Schonfeld’s obsession with numbers began as a kid growing up on Long Island, delivering newspapers and pizzas and admiring his father, who ran his own garment business in New York. At age nine, he memorised all the statistics on baseball cards for the San Francisco Giants and then recalculated the averages in his head to make sure they were right. These days, when he’s courtside at New York Knicks games, he quickly works through changes to the betting spread at halftime based on first-half results — no easy task.

During the interview, he sprang from his chair to show a reporter the updates he gets every 10 minutes on his smartphone with the performance numbers of his 80 trading teams.

“I never miss a 10-minute reading,” said Schonfeld, laughing at his own teenager-like phone habits. He also meets with Fishman and Tolkin twice a week for breakfast and talks with them daily about the business.

Schonfeld started out in 1988 with $440,000 from working as a stockbroker and built a short-term trading business with more than 1,000 employees. His firm was one of the first to use the strategy, taking advantage of volatility with bets that lasted a few hours to a few days. He made $200 million in 2000 at the peak of the dot-com bubble. The market crash in 2001 produced the first of two down years for the firm.

Schonfeld pivoted into quant trading as it was taking off in 2006. He saw that the faster, computer-driven strategies were getting in the way of his traders and figured only the best of them would succeed over the long run.

The firm made a mistake as it morphed into a quant shop. Early on it relied too much on a single technology as the core of its data research environment.

“It cost us a certain amount of money,” said Tolkin, who worked on Goldman’s corporate credit trading team before joining Schonfeld in 2013. “We have recognised that there are multiple ways to do things and we have to be more flexible about how we ingest, clean and store data to create an environment that our quants and teams can more successfully gather data from.”

But the successes have far outweighed the failures.

Schonfeld made another $200 million off volatility during the 2008 financial crisis, and used the dislocation that followed to recruit quants, luring them with capital to start a firm, a data platform to tap and the right to keep their intellectual property.

“Whether you did it on my dime doesn’t matter,” Schonfeld said. “You were the brilliant one creating all this. You should own it.”

The offer helped Schonfeld compete for talent against bigger multi-manager firms that kept their traders’ handiwork. Quantbot Technologies joined Schonfeld in 2009 as one of its first quant teams. The firm extended its agreement to run Schonfeld’s capital through 2027 — underscoring his ability to retain top talent.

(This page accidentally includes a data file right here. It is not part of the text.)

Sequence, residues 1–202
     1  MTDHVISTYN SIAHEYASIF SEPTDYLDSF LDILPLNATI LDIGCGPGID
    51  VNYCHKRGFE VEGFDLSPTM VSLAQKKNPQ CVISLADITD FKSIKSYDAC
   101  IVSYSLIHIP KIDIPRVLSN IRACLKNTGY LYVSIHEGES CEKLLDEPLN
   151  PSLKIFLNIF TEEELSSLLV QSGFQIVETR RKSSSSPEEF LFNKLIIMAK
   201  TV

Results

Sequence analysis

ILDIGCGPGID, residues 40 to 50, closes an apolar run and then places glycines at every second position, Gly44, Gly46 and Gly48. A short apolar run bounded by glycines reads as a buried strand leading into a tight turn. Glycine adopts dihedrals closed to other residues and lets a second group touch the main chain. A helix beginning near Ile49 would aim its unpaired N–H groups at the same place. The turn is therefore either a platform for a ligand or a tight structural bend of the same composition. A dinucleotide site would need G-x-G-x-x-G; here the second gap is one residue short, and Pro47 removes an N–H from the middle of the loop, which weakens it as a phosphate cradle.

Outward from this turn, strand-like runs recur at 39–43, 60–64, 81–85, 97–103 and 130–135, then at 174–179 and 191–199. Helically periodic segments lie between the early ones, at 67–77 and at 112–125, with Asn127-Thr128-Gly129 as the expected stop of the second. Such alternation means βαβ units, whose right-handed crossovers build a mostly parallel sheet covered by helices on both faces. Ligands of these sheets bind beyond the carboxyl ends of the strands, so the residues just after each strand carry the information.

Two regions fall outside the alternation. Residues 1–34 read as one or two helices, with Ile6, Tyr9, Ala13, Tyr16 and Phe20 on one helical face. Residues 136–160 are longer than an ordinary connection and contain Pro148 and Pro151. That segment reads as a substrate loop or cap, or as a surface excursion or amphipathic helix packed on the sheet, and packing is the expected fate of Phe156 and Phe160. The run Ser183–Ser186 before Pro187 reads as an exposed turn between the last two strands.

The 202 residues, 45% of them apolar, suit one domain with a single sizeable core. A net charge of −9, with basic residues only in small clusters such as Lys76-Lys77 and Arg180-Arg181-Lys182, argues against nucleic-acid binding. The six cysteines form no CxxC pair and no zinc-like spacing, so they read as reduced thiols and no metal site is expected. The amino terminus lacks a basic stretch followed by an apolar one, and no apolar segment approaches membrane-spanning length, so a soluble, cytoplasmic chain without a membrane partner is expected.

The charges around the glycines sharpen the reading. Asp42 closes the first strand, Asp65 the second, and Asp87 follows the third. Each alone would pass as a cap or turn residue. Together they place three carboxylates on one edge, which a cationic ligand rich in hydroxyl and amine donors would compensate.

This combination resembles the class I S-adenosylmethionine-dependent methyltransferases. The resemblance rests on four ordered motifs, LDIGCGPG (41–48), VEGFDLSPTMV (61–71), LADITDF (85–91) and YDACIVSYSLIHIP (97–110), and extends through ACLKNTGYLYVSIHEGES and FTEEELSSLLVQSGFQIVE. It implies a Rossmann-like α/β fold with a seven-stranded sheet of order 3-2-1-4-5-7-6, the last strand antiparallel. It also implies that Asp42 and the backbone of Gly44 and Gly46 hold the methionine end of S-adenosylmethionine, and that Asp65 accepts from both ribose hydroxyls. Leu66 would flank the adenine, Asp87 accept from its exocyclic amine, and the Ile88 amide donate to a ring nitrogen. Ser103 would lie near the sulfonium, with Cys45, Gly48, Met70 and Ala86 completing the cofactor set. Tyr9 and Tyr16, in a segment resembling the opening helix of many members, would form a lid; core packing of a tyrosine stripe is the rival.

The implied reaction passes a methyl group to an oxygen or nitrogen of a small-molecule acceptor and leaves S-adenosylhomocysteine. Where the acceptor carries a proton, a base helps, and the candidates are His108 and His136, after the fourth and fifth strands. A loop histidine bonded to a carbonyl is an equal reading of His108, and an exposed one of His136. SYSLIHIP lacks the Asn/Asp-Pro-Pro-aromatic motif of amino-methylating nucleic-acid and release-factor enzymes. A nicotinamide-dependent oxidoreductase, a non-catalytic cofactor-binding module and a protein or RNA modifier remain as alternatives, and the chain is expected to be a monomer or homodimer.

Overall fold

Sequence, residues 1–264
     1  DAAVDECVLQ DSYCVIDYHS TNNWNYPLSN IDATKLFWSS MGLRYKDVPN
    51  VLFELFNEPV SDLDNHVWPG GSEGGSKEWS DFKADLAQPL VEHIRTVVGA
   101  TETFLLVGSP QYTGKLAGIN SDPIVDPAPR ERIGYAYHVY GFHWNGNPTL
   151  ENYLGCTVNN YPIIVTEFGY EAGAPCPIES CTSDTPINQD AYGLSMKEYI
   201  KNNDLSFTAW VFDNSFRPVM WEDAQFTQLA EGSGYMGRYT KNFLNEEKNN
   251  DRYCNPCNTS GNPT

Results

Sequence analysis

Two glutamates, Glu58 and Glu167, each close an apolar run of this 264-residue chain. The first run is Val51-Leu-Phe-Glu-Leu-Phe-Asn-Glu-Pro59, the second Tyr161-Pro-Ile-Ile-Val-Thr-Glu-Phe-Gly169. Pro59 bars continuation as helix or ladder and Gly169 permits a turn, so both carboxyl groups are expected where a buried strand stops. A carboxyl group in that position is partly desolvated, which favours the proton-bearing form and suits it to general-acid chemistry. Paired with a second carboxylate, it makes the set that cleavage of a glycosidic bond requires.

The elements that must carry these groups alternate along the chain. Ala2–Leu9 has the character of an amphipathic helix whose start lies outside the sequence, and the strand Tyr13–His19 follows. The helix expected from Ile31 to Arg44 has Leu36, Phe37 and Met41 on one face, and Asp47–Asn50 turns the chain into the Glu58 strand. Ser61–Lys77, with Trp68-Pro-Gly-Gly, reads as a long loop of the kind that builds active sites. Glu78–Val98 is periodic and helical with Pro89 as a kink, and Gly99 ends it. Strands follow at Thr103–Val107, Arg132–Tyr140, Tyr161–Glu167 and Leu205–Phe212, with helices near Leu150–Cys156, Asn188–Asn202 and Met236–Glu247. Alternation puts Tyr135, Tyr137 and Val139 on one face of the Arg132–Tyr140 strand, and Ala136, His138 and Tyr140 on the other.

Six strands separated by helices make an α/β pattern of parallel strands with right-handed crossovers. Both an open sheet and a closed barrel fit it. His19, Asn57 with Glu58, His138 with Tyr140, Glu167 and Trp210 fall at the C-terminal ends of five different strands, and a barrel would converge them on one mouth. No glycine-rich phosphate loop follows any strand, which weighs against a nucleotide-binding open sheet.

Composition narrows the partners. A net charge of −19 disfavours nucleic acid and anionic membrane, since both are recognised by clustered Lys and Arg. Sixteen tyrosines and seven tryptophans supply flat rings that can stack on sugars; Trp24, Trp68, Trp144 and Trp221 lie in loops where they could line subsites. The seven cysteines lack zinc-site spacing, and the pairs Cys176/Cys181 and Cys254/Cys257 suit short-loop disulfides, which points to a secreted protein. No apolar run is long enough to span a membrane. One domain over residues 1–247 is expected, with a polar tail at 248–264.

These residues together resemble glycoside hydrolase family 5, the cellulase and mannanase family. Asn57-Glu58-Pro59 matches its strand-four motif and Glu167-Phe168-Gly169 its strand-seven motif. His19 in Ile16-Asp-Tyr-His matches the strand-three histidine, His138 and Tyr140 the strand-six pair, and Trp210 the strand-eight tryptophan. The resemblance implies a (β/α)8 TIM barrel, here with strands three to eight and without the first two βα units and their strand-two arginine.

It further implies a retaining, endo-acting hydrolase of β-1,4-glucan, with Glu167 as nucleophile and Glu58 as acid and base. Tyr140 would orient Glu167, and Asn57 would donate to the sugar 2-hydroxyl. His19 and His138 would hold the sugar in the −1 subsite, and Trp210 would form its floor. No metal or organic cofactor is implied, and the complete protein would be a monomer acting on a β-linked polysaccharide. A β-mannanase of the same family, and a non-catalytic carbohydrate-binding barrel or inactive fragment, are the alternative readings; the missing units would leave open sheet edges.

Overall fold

The arrangement also provides protection from regulators who fined Schonfeld in 1999 for trading violations and a decade later for making round-trip trades to hide capital shortfalls. Almost all of Schonfeld’s 22 quant teams are in external firms and hold their own registration with regulators, which means they’re responsible for their own violations. Most of the fundamental equity teams are internal and come under Schonfeld’s beefed-up compliance regime.

Quants are now the backbone of the global business, deploying half of the firm’s $33 billion in gross market value, which includes long and short positions and leverage. Since 2016, when the firm converted to a hedge fund from a family office, it has raised $3 billion in outside capital, including a round this year, as the industry grapples with outflows.

"Whether you did it on my dime doesn't matter. You were the brilliant one creating all this. You should own it."

Schonfeld credits his good run to old-school values of being patient and a mentor to staff — the same qualities that work well in competitive gin rummy.

Decades ago, after he won more money during a two-year stretch than four better players, they asked how he did it. He told them their mistake was to scold their partners for making bad plays.

“I don’t second guess,” he recalled telling them. “They can make the worst play and I say, ‘I would have done the same thing.’ Because of that, they play infinitely better on my team.”